Podcast Transcripts

Episode 2 – Leadership and Teamwork with Mike Cochrane transcript

admin / October 18, 2019

[00:00:01] Hi and welcome to this week’s episode on Business With The Fun Guys. [00:00:05][3.7]

Ed Surman: [00:00:06] Today I’m with Mike Cochrane who is now a sales and leadership consultant specializing in helping SME’s get significant growth in their sales and problem solve for leaders and directors. Mike has spent over 30 years in the automotive industry, 20 of which include building his own multi-million pound business. Mike’s primary aims and skills are in sales and marketing leadership. As a successful businessman and one of the first in the automotive industry to achieve Investors In People it came as little surprise when Scottish Enterprise approached Mike and asked him to become one of the first business mentors in Scotland to help SME market grow and prosper. By agreeing to accept the position, Mike broadened his experience in a wide range of business sectors which over the years has proven to be invaluable. And as I can say I’ve met him on the networking circuit many times and I have to say that every time I come away I always learn something new. So hi Mike. [00:01:09][63.4]

Michael Cochrane: [00:01:11] Ed good to see you. [00:01:11][0.9]

Ed Surman: [00:01:12] How you doing?. [00:01:12][0.1]

Michael Cochrane: [00:01:13] I’m all right. Things are OK. [00:01:15][2.0]

Ed Surman: [00:01:16] I think the talk today is quite broad because obviously when we talk about sales marketing and leadership it’s sometimes quite easy to go off and try to talk about broad topics but actually what I like about talking to you is you condense that down to you know the leader the person that is taken that risk to start the businesses is willing to go that extra mile beyond you know starting a job and actually build something that’s meaningful and gets results. I think we should really start with your story because I think you you use sport as a big analogy into leadership and I’m a big fan of Van. We’ll mention a few examples later but it would be good just to start from when you were a kid because you were really quite into sport right? [00:02:08][52.6]

Michael Cochrane: [00:02:10] Yeah I was one of the fastest sprinters in Scotland at the time. And that taught me to be very focussed and driven on winning. There was absolutely no point in me going down onto the blocks and wondering about who I was up against because that would mean that I wasn’t focussed. So all I was focussed on was breaking the tape. If I didn’t break the tape I didn’t win. So what was the point of being in the race? I then became the anchor leg in the relay team and that was a little bit about teamwork. But as I said earlier it’d be fair to say it was still about me because I broke the tape. But no it was very much, it was all about me initially and then it was all about us as a team. When I became captain of rugby that was awesome. That was 15 people all with completely different skill sets. And it was to try and bring all these skill sets together and focus on one end goal. And we worked as a team. At the end of the day we won as a team and we lost as a team. And that taught me an awful lot. [00:03:47][96.4]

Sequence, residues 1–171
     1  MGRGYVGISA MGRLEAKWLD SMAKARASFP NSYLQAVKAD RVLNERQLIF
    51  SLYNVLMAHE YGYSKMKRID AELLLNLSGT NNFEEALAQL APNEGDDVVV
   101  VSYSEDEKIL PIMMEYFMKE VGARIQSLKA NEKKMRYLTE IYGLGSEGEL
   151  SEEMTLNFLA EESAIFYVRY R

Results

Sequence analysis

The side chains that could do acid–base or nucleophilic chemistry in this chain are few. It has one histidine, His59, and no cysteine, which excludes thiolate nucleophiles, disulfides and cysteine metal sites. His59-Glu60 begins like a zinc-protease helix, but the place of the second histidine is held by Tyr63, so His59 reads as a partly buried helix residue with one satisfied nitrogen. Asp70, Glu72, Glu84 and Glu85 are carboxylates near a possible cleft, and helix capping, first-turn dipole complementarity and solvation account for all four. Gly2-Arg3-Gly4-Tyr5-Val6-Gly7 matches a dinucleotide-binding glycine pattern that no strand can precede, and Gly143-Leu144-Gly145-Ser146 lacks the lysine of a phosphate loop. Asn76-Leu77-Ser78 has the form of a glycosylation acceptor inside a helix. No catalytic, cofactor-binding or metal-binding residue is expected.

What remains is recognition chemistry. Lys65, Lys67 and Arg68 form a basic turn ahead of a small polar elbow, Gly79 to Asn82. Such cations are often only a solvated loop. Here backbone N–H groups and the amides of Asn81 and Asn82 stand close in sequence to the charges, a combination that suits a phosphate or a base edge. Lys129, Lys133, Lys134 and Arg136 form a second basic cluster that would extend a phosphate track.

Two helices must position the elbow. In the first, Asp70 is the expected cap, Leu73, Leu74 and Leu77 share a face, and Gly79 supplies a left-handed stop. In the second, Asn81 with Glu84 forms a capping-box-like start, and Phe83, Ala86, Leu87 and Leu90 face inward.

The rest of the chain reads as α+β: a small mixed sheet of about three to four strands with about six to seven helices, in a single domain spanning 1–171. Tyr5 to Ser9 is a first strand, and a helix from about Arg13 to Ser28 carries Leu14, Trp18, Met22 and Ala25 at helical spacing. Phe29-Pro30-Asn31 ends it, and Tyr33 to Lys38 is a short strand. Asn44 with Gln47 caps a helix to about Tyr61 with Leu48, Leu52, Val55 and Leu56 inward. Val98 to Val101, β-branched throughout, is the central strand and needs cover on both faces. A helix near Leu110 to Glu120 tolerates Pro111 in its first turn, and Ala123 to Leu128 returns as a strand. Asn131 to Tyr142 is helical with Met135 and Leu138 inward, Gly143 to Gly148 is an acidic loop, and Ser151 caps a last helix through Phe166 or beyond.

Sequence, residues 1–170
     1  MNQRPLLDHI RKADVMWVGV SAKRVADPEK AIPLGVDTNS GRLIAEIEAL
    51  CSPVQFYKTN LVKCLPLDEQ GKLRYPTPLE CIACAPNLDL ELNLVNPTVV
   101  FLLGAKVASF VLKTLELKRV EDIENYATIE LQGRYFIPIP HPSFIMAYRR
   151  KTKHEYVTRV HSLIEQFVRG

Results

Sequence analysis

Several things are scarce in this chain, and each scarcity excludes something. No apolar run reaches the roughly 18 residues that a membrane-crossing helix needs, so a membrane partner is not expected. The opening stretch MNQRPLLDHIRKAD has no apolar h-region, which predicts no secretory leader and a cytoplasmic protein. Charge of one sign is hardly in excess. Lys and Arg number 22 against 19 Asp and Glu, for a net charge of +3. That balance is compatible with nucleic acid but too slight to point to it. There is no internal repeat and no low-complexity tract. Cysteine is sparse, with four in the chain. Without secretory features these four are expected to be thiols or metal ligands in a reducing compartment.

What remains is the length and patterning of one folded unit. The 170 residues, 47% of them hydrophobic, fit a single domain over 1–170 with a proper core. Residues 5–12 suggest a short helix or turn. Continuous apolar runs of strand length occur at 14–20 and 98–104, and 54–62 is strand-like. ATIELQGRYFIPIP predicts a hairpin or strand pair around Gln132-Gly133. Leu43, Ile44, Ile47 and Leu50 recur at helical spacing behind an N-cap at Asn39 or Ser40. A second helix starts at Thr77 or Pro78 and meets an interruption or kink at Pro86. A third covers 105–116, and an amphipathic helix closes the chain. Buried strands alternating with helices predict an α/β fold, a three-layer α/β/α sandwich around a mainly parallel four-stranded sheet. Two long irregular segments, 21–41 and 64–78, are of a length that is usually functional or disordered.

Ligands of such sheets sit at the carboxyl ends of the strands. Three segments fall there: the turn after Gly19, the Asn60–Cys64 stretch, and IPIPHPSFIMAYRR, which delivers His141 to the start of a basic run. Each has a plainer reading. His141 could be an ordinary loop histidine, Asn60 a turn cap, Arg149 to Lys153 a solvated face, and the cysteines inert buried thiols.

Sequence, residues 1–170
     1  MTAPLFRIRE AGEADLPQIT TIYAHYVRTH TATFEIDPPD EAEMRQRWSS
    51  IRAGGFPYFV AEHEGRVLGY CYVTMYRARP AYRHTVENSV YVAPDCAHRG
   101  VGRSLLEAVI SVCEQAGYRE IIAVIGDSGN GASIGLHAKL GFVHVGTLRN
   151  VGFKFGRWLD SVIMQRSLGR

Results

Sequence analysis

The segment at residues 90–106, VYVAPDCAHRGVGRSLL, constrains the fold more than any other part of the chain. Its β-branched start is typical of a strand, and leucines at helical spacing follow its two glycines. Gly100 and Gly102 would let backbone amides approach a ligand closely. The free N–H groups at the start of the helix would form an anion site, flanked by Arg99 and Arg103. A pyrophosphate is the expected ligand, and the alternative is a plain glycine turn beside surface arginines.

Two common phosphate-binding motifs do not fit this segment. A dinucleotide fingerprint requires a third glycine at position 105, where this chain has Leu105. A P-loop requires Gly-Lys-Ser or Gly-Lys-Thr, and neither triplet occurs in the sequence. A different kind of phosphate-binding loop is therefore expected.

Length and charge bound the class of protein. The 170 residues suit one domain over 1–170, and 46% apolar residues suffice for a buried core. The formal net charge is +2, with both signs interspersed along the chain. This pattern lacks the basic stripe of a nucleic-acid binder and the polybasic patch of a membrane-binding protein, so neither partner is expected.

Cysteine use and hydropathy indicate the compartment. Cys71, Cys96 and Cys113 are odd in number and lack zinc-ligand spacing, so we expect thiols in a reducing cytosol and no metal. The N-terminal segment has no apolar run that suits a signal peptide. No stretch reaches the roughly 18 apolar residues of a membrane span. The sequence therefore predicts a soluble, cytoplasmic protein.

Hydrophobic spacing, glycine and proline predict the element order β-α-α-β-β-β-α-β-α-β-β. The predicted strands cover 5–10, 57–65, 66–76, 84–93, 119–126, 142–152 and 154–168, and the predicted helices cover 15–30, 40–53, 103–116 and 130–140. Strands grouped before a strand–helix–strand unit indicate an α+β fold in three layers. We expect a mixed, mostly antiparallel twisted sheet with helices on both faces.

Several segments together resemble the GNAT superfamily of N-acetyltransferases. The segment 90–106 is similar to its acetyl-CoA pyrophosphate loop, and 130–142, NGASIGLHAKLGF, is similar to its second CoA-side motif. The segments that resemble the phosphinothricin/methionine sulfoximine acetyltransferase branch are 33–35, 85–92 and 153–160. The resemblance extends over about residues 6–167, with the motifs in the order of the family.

Ed Surman: [00:03:48] And I think one thing that should be an obvious statement right now is that sport often has a simple aim right? You win or lose, or you win or don’t win. Business is obviously more complicated than that because you have so many different facets to it. [00:04:03][15.5]

Michael Cochrane: [00:04:04] I’m going to stop you. I’m definitely going to stop you. [00:04:08][4.3]

Michael Cochrane: [00:04:39] There’s a lot of people who are making things more complicated than what it is. If you keep it simple and I know that people say to me KISS is old hat. Well guess what. It’s not. At the end of the day if you keep it simple stupid, the chances are, the people that you’re actually speaking to internally and externally will understand what you’re talking about. I get fed up these days listening to the so-called gurus who stand up and tell you that they’re experts, and they talk in a different language to the audience that they serve. Whether that’s speaking or whether that’s to prospects and clients in the business and at the end of the day keep it simple, speak my language because I’m pretty simple really. So keep it simple and I think you’ll do very well. Make sure that if you’ve got something to say say it well. Say it often. And you’ll succeed. [00:05:57][77.6]

Ed Surman: [00:06:00] I like that. I like that line. So excuse my ignorance. [00:06:06][6.3]

Michael Cochrane: [00:06:08] Nobody would ever say that you’re ignorant. [00:06:09][0.9]

Ed Surman: [00:06:11] When we go from school to car sales. That wasn’t the direct route was it? So you started from very very humble beginnings in the working world. Is that correct? [00:06:26][15.2]